(This is chord scale theory stuff. I expressed these notes, 1, 5 and 4 as scale tone numbers. I might also have used “solfége,” where my “1” is “La” from the world of Do, Re, Mi, Fa and so forth. Note values 4 and 5 are “Re” and “Mi.”) You can probably hear that this is quite a bit like our combatants, four measures of notes, sixteen in total, three different pitches but mostly just the “5,” all the same rhythmic value, in a minor key, playing throughout the tune, almost like percussion (I’m pressing my cowbell analogy) but pitched to follow the harmony. And this Art of Noise track was used all over the place; sampled for hip hop records left and right! WhoSampled shows over a hundred tracks that used those four measures and put a beat under it. Lil Wayne, LL Cool J, J Dilla, Mya’s 1997 top ten hit It’s All About Me among them — it’s a pretty good list. In other words record was a well KNOWN available asset to music producers looking to put a pulse like this in their track. There’s not much there, no offense to Art of Noise. It’s quarter notes on a preset sound on an expensive synthesizer. It’s cowbell, albeit three differently pitched cowbells. It was cool in its simplicity. And it was widely used for its simplicity. Simplicity lent its applicability.
As while this sort of synth sound eventually becoming the most annoying thing you could put on a record, jump ahead thirty years and like so many things worn threadbare in the 80’s, it’s cool again today, especially if delivered with a touch of wit. Lady Gaga opened Edge Of Glory with it putting it right out there naked in the intro. Just quarter notes, heartbeat paced, simple, infectious.
I say again, cowbell. Tonk Tonk Tonk Tonk.
And just last night by the way…
Before bed last night I was watching Billions on Showtime, scored wonderfully I think by an L.A. composer named Eskmo. I heard this sort of line a number of times during episode one of season three. I even grabbed my phone off the nightstand, “Siri, remind me in the morning about the Billions cue.” And now as I write this, here in my studio, I’m gonna call up Showtime Anytime on my Apple TV, find that cue, and see how relevant it is… will take only a few min… hang on.
(takes longer than I expect, it’s been about 8 minutes)
Okay… it’s relevant. Got myself a drum machine and a synthesizer, recreated it for you, and this is pretty much the idea. The cue in Billions went…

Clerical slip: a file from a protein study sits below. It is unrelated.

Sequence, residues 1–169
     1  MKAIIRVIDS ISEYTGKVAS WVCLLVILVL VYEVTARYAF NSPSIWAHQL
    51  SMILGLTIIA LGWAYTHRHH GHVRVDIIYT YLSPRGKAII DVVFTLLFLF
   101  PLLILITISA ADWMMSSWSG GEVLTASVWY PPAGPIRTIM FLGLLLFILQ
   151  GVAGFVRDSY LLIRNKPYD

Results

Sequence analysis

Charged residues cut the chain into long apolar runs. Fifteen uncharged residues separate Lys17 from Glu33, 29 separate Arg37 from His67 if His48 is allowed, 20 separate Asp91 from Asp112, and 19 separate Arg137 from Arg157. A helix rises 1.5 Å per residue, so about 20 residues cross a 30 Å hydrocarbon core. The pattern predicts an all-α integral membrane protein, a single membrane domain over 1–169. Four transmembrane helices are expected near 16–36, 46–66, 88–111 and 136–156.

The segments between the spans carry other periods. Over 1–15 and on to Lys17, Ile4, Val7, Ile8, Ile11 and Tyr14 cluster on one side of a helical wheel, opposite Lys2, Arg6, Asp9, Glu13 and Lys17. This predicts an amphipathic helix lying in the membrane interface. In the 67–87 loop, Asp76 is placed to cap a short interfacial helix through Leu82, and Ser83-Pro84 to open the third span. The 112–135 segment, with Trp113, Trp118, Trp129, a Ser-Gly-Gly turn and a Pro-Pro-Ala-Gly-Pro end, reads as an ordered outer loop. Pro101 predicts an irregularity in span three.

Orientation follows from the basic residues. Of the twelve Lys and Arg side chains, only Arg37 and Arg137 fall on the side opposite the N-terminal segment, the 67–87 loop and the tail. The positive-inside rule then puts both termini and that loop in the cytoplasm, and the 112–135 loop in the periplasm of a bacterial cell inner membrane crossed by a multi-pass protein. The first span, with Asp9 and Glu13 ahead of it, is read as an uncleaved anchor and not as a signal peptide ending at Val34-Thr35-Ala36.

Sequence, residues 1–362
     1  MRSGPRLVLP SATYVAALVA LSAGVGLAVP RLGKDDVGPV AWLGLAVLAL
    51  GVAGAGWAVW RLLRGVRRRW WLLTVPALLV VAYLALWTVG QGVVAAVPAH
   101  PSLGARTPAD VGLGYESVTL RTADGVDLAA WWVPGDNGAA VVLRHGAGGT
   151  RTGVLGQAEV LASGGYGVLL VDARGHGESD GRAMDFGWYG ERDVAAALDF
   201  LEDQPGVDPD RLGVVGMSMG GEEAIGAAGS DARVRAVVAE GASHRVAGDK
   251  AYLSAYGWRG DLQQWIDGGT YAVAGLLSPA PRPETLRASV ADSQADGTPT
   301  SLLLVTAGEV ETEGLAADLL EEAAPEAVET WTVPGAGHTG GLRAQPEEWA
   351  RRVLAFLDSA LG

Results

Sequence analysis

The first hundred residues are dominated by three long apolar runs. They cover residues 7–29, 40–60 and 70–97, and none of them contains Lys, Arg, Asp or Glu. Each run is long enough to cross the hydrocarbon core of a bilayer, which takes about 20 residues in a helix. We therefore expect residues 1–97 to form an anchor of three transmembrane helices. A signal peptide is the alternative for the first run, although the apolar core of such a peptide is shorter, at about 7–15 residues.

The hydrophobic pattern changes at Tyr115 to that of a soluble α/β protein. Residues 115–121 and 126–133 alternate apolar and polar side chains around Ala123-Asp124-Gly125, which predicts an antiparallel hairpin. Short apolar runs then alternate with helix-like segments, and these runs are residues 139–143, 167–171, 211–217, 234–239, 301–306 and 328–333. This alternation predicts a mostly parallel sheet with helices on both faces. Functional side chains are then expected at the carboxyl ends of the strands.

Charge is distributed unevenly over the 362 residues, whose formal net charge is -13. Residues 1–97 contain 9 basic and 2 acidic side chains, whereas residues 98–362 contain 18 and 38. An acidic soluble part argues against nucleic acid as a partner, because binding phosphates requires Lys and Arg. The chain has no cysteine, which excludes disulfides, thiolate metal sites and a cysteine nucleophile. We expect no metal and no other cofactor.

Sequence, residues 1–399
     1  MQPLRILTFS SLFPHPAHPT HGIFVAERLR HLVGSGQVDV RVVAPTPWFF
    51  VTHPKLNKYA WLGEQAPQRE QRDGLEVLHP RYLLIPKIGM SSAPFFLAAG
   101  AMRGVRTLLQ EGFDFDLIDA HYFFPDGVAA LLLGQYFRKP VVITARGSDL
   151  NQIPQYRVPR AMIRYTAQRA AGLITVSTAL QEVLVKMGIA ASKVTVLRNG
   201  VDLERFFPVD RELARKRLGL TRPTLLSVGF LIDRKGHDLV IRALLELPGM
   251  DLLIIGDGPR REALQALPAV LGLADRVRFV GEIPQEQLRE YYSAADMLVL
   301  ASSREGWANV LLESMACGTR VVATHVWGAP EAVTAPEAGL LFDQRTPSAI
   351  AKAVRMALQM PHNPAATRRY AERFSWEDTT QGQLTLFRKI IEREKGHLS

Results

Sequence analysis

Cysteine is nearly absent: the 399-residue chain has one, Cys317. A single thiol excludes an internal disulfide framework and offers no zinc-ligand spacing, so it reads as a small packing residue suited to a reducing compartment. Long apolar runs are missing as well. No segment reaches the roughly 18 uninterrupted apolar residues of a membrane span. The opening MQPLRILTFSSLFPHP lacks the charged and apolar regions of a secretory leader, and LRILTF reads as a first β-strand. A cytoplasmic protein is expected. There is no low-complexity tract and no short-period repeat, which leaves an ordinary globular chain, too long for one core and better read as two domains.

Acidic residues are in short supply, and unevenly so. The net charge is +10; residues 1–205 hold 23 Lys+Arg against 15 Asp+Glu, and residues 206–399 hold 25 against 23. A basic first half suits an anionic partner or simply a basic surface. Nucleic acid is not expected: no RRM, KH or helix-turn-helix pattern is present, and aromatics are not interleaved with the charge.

Eskmo’s cue is produced better than that, but I don’t have all morning to mock it up more impressively. You get the idea. I’m saying, this idea is just out there. An example came along in a Billions episode on the SAME DAY as the news broke that Katy is going to court — we’ve got some fairly static pitches, in a robotic static rhythm, played on a breathy sounding synthesizer; extremely available and well traveled territory for composers; it’s cliché. Can Eskmo sue the next guy who writes four bars of consonant quarter notes over vi – IV and loops it to Hell? No! This “idea” has certainly been done plenty since Billions Season 3 came out. Heck I’ll do it right now. (yep, more real time, step away for minute stuff…)
(Minute and a half, actually.)
I labeled that “My Own Cue To Which I’ll Never Give Another Thought.” Now let’s see it. Eskmo, Katy, Flame, all y’all, come at me!
No, that would be silly.
Could the producers of Dark Horse have heard Joyful Noise? Sure.
Could they more easily have heard any of the other examples cited here or one of the 100+ tracks that sampled Art Of Noise at some point, such that the general idea was an available musical widget in their creative arsenal and the notes happened to strike Flame and Co as similar to Joyful Noise? That’s what we call a “building block,” and not protected by copyright.
Let’s ask what I myself needed to have heard to be inspired to make my “Four bars I’ll never think about again ever” or whatever I called it? Did I have to hear Art of Noise? Lady Gaga? Katy Perry? That cue from Billions? Nah. I would need only to have had an idea of tonk tonk tonk tonk on a breathy synth. It’s more presentation than composition; more idea than melody. It’s minimally musical language; a few words of a sentence, not a storyline.
Is it even melody? Barely. It’s melod-ic, but in both Dark Horse and Joyful Noise, especially Noise, it’s at least as much accompaniment as melody. The melody of Dark Horse is what Perry sings over this line in the verses.
Copyright doesn’t protect ideas much less tiny ideas. And this is a tiny idea musically speaking — “de minimis.” A trifle. But that said…
Will any of this save her from the vagaries of juries in a trial??
It ought to, but it’s gonna be interesting. Exposure? Yep, she’s definitely exposed.